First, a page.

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Covid-19 - 'to vaccinate or not to vaccinate: for pwME'

Fuseworks Media
Fuseworks Media

The government mandate stipulates that certain industries require vaccination in order to retain employment. Although we have advised MoH that this is not as simple for those people with ME/CFS (pwME) who are affected by this Order, we have not been able to change their decision through our advocacy efforts.

For pwME who are not employed in the mandated industries, there will still be barriers if they choose to remain unvaccinated due to the introduction of vaccine certificates/passports. However the decision to vaccinate or not vaccinate remains a personal choice.

ANZMES provided MoH with a detailed argument in favour of MoH allowing physician discretion on a patient-by-patient basis as to whether a medical exemption is warranted. We have not received a response to our advocacy from MoH to date. The argument stipulated that only the physician and the patient can truly know, based on the patient’s personal medical history, whether a risk of adverse reaction is sufficient enough to warrant a medical exemption. This was based on Professor Warren Tate’s advice that people with ME/CFS who often experience severe food allergies, chemical hypersensitivities, are prone to frequent debilitating relapses and have a significant compromised level of activity, may be at a higher risk to adverse side effects to vaccination in comparison to people with ME/CFS who do not have these extra dimensions of the illness.

An article released Friday has a headline suggesting that Professor Warren Tate believes all people with ME should be exempt. This is not the case. Prof. Tate advocates for a subgroup of pwME, as above. []

For pwME who do not have these extra dimensions of the illness, ANZMES released an information sheet regarding COVID-19 vaccinations for pwME, which included expert advice from New Zealand and internationally. The recommendations provided by these experts were that contracting COVID-19 poses a greater risk to health than the side effects of the vaccination. However for a small percentage of pwME, the potential adverse reactions may seem to outweigh the risk of contracting the virus. This is because there is potential for a relapse of ME/CFS symptoms. And because household members can provide a level of protection to unvaccinated members if they themselves are vaccinated. []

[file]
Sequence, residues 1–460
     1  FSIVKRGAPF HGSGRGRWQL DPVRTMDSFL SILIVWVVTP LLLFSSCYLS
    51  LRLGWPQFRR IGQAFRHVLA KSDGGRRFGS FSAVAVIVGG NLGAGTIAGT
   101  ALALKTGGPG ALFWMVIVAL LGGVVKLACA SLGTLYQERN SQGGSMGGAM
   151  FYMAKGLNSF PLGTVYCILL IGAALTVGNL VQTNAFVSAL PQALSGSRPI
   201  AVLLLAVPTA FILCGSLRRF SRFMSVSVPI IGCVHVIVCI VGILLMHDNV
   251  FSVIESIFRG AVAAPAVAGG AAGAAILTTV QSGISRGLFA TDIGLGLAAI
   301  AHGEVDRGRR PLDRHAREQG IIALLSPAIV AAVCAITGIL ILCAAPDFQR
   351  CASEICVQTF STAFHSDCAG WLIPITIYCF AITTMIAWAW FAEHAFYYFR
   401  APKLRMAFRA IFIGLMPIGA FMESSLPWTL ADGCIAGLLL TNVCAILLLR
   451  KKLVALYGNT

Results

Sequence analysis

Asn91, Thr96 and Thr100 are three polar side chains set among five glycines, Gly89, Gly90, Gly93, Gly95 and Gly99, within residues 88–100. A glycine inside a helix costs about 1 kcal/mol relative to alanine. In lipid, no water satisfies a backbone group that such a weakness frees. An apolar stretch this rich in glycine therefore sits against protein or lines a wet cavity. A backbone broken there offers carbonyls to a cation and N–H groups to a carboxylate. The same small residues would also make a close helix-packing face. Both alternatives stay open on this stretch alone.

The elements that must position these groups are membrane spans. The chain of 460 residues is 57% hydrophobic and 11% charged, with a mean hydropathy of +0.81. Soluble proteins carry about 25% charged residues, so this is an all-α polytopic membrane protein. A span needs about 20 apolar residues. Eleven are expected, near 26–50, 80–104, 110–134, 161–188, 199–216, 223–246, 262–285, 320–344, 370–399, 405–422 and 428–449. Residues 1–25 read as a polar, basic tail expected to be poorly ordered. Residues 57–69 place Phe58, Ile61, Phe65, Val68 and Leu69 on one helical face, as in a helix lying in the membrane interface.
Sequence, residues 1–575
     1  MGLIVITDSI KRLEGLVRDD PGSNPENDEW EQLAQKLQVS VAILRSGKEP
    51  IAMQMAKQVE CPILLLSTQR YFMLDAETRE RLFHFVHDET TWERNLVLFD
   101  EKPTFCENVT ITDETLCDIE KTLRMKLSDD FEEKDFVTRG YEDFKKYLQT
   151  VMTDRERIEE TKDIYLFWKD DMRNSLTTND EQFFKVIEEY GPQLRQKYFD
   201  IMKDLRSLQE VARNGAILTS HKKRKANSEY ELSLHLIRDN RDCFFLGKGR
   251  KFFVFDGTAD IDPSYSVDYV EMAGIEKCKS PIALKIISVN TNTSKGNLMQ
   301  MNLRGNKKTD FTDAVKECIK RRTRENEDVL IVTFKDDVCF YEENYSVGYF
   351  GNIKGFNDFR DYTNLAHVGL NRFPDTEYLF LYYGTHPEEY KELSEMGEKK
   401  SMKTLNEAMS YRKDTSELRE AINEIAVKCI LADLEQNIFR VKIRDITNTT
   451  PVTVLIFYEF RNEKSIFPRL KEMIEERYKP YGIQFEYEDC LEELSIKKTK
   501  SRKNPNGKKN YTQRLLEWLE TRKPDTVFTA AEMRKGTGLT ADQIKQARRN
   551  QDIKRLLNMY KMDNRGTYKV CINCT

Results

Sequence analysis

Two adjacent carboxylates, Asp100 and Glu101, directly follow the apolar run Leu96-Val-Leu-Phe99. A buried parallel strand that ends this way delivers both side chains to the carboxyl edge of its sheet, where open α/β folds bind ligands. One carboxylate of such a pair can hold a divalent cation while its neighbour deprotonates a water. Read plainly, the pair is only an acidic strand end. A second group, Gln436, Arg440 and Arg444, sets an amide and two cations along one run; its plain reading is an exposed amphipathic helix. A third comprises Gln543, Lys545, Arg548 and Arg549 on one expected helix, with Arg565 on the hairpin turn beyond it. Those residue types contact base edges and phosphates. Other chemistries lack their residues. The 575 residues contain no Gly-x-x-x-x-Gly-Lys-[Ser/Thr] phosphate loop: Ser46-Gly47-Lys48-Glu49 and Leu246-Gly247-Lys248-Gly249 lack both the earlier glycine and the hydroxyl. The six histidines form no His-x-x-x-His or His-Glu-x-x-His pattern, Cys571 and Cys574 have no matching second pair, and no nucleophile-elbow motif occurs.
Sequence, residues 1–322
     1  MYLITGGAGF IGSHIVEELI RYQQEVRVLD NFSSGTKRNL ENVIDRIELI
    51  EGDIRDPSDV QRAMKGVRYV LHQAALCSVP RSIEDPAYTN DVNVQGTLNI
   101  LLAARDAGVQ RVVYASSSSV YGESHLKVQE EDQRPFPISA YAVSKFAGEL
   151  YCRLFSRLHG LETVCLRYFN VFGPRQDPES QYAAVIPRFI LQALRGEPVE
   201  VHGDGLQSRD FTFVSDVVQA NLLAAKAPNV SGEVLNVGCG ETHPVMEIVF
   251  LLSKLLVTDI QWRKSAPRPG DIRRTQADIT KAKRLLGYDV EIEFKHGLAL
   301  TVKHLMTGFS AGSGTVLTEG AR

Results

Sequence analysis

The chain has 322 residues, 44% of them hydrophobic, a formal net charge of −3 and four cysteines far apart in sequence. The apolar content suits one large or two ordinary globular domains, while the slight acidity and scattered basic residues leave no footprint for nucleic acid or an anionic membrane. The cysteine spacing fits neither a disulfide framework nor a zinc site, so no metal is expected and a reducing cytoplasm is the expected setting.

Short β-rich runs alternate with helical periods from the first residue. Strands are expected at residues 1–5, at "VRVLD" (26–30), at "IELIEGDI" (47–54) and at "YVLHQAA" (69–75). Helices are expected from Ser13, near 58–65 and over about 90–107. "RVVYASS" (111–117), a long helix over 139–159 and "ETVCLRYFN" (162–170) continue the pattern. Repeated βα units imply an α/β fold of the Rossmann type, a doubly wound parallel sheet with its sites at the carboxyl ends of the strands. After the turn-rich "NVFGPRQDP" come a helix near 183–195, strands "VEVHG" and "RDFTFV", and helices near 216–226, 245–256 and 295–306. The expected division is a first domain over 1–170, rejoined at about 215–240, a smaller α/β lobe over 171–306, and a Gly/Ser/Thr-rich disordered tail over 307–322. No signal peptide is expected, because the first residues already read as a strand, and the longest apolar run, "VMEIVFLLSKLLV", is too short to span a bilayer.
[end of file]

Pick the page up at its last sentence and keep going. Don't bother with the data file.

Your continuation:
MoH advises on their website that if people with ME/CFS experienced adverse reactions to the first dose of the vaccine, that they could hold off getting the second dose until their symptoms resolve completely. [page 7:].

Also MoH now states that if the Order applies to a person and they are not vaccinated, but feel that they may be eligible for a temporary exemption, then their usual medical practitioner or nurse practitioner can apply on their behalf. However, it is not that simple for pwME. Based on the criteria that ME/CFS patients would be applying under, the application would need to be done by a relevant specialist (e.g. neurologist, rheumatologist, immunologist, etc.).[]

The preliminary findings of the self-reporting survey ANZMES conducted with the ME/CFS and Long COVID community suggests that the reactions to the vaccine have been as varied as the symptomatology of ME/CFS itself. For some there was no adverse reaction. Some improved. For others, only the normally expected immune response was experienced. Whereas for a significant smaller percentage there was a considerable relapse. There does not seem to be a pattern as to who fares well and who experiences a relapse. Although the survey findings suggest that the more disabling the ME/CFS symptoms, the more prone to a relapse after vaccination, relapse can occur at any functional capacity state for pwME. However, it is also likely that no adverse reactions, or only temporary reactions are experienced. This shows how highly individualised vaccine reactions are, just as is the case for the symptomatology of ME/CFS. []

ANZMES also petitioned for a fractionated dosing trial at the request of the community. Although this trial will not go ahead, IMAC are investigating the possibility of lower dosing. However, as trials have not been done, MoH advises that lower doses will not be considered sufficient for protection and therefore someone who receives a fractionated dose would not be eligible for a vaccination certificate/passport. Research into the efficacy of lower doses as protection against COVID-19 would need to be conducted in order for this to change.

It was reported by RNZ as a quote from a MoH spokesperson, that there is not sufficient evidence to suggest that lower dosing will mitigate adverse reactions to the vaccine. It is correct that no trials have been conducted into reactions to lower dosing for pwME. However, in studies that have been conducted into fractionated dosing, reduced doses appear to reduce reactogenicity (adverse side effects).

ANZMES does not provide medical advice or opinions as an organisation, the information provided above is a summary of expert advice and government information. This is so that the ME/CFS community can be informed of all sides of the situation, and can therefore make decisions based on their own individual circumstances. As always, this should be done in conjunction with the individual’s usual medical professional.

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